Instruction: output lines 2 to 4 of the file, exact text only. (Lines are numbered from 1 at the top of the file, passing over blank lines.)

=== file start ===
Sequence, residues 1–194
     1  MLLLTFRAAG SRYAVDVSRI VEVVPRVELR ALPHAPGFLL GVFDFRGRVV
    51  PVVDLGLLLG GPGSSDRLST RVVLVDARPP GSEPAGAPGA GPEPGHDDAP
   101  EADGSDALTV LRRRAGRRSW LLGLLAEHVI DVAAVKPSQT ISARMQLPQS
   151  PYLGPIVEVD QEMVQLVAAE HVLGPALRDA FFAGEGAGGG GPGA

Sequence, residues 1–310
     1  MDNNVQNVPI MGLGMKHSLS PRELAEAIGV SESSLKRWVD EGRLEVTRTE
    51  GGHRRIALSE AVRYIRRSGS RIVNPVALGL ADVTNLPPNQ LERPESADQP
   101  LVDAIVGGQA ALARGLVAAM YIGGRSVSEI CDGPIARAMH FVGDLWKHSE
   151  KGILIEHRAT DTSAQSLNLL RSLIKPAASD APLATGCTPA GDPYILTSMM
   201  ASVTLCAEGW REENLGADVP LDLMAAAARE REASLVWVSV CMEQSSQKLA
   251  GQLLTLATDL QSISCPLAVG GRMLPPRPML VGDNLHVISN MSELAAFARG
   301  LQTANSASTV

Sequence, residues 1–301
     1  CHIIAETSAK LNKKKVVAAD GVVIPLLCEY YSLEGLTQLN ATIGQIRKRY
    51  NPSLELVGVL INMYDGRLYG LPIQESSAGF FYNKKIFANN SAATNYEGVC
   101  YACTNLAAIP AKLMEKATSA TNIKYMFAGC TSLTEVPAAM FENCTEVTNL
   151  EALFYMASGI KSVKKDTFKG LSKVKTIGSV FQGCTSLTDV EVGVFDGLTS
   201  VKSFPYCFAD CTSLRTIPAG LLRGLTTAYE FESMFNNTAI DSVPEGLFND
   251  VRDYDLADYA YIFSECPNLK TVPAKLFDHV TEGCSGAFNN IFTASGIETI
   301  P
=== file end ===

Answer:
     1  MLLLTFRAAG SRYAVDVSRI VEVVPRVELR ALPHAPGFLL GVFDFRGRVV
    51  PVVDLGLLLG GPGSSDRLST RVVLVDARPP GSEPAGAPGA GPEPGHDDAP
   101  EADGSDALTV LRRRAGRRSW LLGLLAEHVI DVAAVKPSQT ISARMQLPQS